Definition of unsettle in English:

unsettle

verb

[WITH OBJECT]
  • Cause to feel anxious or uneasy; disturb.

    ‘the crisis has unsettled financial markets’
    ‘an unsettling conversation’
    • ‘There's something about that copse which unsettles me.’
    • ‘Spiers has steered the organisation through some of the most unsettling eras in its history.’
    • ‘But there is one other sinister and unsettling theory that does hold up rather better.’
    • ‘These figures unsettle the whole society, and make us feel uneasy and worried.’
    • ‘The media are seemingly hounding them at every opportunity, upsetting and unsettling the squad.’
    • ‘The strangeness that increasingly unsettles the reader does not appear to bother the characters, who act with an exaggerated ordinariness that comes to resemble insanity.’
    • ‘Despite its openness, the huge increase in the value of its concurrent transactions will unsettle an already nervous market.’
    • ‘I hope the atmosphere between us is better by then because it felt a little unsettling the other night.’
    • ‘We used very disturbing images and black comedy to unsettle the audience.’
    • ‘This evidence greatly unsettles moral objections to the death penalty, because it suggests that a refusal to impose that penalty condemns numerous innocent people to death.’
    • ‘I have also so far not spoken to the children on the phone as my husband reassures me that they are fine and a possible phone conversation may unsettle them.’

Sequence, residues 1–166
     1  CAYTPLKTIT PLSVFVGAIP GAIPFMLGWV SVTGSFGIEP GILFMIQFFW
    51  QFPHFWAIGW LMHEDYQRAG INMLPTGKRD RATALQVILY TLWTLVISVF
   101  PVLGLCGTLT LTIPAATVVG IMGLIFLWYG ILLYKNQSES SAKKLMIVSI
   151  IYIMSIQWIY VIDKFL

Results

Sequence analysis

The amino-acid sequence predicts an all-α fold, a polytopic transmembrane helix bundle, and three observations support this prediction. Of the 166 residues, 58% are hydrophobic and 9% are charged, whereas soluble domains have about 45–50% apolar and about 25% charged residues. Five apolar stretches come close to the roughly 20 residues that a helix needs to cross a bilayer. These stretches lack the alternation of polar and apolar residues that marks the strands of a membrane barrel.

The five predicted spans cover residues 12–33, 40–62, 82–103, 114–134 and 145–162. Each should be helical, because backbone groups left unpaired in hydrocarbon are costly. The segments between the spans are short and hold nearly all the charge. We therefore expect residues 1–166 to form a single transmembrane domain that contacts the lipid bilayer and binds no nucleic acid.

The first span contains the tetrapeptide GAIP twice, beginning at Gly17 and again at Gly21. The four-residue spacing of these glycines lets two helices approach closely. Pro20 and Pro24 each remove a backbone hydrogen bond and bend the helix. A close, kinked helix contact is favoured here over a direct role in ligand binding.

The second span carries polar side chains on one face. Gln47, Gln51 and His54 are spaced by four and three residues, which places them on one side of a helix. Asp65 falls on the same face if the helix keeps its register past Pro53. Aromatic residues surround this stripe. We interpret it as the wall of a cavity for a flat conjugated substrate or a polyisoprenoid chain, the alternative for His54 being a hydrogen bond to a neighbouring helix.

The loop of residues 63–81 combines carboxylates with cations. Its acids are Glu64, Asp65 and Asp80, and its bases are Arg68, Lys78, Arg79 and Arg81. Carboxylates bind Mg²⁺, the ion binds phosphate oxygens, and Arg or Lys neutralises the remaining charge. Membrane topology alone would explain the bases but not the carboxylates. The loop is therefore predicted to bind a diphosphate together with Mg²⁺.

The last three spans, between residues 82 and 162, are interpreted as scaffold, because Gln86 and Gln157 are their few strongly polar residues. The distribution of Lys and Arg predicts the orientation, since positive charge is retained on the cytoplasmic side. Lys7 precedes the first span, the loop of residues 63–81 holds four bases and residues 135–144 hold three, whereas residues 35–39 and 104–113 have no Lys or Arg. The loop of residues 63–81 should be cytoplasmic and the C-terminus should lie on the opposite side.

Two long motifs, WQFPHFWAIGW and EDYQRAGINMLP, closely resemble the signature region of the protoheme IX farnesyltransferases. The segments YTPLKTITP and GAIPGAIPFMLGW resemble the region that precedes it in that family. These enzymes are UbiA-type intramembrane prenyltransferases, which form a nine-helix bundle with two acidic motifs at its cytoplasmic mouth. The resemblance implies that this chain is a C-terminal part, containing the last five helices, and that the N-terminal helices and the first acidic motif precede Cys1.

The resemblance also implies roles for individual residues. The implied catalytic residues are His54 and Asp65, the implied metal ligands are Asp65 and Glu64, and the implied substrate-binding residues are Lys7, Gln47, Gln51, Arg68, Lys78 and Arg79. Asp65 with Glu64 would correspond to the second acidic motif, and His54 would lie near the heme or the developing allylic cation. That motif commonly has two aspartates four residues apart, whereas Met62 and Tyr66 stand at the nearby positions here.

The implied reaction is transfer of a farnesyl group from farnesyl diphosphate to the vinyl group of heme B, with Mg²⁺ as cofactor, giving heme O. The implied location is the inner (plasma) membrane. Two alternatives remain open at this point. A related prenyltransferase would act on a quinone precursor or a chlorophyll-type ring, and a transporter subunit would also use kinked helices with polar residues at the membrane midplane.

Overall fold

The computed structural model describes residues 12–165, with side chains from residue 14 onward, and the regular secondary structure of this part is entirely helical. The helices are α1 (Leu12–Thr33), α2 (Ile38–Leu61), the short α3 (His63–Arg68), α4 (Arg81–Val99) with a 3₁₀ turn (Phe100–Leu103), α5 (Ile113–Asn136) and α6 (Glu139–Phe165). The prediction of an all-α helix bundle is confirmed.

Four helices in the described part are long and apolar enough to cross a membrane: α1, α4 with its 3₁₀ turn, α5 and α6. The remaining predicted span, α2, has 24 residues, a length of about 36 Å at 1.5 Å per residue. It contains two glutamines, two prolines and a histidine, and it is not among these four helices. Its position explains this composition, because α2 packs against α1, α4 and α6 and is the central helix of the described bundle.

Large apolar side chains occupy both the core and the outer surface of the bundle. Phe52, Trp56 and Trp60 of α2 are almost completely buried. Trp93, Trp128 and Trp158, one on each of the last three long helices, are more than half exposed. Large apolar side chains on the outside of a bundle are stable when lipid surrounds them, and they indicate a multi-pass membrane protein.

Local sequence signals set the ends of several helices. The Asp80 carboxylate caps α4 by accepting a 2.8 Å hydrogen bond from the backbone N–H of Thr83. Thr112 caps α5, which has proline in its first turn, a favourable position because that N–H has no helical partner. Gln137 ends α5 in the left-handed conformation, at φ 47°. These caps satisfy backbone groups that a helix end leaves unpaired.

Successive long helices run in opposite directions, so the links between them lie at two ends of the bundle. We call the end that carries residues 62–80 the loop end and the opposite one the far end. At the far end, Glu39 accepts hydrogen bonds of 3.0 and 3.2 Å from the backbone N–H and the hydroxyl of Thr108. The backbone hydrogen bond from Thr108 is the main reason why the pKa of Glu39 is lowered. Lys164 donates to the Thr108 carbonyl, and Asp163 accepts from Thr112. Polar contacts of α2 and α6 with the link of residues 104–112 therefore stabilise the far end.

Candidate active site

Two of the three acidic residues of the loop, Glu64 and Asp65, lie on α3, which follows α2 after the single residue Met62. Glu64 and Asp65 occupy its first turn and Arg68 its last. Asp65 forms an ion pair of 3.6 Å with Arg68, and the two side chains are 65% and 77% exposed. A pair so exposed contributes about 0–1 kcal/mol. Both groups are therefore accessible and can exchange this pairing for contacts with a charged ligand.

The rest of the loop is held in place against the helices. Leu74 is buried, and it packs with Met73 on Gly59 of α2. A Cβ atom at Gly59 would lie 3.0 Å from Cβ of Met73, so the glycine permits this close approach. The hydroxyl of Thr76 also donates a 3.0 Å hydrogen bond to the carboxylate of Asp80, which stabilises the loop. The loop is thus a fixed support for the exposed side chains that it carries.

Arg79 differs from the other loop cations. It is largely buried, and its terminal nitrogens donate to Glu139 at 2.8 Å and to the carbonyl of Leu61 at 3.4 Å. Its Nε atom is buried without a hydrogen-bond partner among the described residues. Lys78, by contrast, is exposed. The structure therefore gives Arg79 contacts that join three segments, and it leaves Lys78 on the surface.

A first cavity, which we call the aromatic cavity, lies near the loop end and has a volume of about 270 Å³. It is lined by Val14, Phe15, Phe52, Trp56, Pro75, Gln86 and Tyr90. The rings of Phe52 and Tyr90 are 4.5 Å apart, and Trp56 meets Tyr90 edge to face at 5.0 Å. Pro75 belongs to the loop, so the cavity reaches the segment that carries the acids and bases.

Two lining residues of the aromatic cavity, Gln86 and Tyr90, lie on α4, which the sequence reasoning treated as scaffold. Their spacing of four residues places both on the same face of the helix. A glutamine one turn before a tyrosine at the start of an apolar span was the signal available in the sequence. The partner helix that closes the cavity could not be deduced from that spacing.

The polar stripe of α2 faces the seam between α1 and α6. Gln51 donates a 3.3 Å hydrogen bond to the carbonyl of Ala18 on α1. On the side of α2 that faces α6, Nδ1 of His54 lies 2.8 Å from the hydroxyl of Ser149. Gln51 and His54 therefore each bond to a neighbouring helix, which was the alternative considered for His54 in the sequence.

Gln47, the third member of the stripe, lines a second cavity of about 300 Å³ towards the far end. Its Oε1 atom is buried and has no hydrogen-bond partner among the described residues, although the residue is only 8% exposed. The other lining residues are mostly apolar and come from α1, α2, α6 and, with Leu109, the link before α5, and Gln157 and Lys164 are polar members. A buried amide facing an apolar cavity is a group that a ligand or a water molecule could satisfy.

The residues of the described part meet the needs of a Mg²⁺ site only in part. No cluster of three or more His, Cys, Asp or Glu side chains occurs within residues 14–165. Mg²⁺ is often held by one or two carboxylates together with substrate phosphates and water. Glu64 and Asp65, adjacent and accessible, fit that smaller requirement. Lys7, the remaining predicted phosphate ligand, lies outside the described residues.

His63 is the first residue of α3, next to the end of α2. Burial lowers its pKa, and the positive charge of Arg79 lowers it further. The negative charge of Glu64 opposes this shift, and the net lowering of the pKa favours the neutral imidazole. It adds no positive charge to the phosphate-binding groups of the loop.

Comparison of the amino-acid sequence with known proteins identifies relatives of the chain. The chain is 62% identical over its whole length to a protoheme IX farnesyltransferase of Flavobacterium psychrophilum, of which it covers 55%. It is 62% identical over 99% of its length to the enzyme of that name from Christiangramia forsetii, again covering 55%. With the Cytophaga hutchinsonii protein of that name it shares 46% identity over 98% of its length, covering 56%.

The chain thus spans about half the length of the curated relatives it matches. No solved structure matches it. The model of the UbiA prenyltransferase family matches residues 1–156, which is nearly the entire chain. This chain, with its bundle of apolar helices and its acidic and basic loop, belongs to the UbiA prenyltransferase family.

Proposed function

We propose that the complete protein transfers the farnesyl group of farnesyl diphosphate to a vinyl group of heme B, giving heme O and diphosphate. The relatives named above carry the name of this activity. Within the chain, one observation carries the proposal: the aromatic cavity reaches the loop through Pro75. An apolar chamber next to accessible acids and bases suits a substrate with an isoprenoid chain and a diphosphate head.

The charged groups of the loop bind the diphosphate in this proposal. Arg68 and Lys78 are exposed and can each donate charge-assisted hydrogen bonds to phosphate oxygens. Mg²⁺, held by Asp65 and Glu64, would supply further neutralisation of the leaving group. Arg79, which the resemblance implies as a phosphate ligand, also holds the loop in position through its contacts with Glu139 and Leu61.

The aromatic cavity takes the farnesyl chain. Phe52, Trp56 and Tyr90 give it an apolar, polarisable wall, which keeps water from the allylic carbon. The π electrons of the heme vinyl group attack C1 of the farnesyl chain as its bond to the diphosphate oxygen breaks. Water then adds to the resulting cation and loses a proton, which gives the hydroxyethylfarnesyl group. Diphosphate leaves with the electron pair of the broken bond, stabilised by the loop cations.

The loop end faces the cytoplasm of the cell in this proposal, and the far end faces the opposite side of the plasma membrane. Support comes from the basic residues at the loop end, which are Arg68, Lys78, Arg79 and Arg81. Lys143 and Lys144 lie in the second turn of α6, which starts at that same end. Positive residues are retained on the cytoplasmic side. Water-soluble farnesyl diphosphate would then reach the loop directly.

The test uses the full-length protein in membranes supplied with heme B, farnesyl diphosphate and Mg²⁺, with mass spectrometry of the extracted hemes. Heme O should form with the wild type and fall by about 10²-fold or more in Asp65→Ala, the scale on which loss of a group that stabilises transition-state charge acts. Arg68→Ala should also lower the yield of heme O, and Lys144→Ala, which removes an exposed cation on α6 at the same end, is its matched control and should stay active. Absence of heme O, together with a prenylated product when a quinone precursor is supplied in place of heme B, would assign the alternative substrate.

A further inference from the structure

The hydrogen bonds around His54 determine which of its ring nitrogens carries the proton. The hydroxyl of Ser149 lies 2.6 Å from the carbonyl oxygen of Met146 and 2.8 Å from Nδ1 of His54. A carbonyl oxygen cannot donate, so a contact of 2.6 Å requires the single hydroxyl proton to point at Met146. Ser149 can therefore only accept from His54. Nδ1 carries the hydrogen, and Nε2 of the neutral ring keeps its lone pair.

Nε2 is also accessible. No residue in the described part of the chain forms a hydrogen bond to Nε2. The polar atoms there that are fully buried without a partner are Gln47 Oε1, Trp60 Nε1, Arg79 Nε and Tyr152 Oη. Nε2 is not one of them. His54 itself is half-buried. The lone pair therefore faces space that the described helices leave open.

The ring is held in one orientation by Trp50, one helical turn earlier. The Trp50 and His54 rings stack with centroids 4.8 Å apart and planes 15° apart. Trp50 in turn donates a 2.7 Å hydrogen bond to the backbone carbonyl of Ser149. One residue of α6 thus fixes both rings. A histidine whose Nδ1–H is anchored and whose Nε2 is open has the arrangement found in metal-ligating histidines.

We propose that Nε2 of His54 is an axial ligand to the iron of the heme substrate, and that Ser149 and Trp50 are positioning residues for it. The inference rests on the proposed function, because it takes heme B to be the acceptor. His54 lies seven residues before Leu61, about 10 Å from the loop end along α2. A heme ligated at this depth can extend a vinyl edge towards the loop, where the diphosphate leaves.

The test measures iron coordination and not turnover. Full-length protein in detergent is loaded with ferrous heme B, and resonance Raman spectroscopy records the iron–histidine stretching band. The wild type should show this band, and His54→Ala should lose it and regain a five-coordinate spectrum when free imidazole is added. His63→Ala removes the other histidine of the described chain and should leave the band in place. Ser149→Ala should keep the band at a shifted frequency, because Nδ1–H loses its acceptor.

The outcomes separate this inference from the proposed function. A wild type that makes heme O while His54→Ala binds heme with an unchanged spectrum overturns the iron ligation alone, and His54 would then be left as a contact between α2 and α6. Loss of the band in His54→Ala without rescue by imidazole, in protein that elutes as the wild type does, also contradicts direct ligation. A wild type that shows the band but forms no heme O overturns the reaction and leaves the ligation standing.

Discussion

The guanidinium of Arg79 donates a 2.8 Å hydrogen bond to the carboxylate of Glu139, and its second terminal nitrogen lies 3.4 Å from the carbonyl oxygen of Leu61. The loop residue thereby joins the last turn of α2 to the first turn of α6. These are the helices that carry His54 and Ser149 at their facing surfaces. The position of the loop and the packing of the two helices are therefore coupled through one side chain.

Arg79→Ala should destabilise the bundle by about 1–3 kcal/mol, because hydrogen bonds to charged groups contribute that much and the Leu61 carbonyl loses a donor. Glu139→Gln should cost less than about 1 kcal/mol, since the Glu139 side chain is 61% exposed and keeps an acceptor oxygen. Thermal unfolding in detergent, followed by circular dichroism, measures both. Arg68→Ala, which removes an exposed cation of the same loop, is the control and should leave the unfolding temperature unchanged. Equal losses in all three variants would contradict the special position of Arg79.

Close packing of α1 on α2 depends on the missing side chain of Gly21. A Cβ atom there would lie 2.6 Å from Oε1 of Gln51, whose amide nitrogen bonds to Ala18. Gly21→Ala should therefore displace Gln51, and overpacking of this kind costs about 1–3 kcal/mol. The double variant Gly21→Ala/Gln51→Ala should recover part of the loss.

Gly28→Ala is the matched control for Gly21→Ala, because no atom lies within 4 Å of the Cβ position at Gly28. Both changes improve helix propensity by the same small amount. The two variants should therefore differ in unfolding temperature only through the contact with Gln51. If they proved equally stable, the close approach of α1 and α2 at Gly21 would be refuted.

• ‘The housing market getting a second wind is something that unsettles the Reserve Bank and could even bring forward another dose of interest rate deterrence.’
    • ‘This turn of events unsettles Edwin, who is secretly in love with a colleague from the publishing house.’
    • ‘I feel they will have to get going early and set the pace - the best way to do that is to rattle in a goal or two to unsettle the tight defence.’
    • ‘Even overhearing conversations was enough to unsettle me.’
    • ‘Both men seemed to be offering an assuring revelation rather than unsettling bewilderment.’
    • ‘Blackwell said he felt all the talk of a takeover was unsettling his squad.’
    • ‘But going more than halfway to tolerate what look like disturbing cultural practices unsettles some historians, aid experts, economists and others with experience in developing societies.’
    • ‘These were the early days of the Troubles in the North where crises in Belfast and Derry threatened to unsettle the island of Ireland.’
    • ‘That said, he also has an intelligent if unsettling sense of humour about himself.’
    discompose, unnerve, upset, disturb, disquiet, make anxious, make uneasy, perturb, discomfit, disconcert, alarm, confuse, nonplus, bewilder, confound, perplex
    View synonyms

Pronunciation

unsettle

/ˌənˈsɛdl//ˌənˈsedl/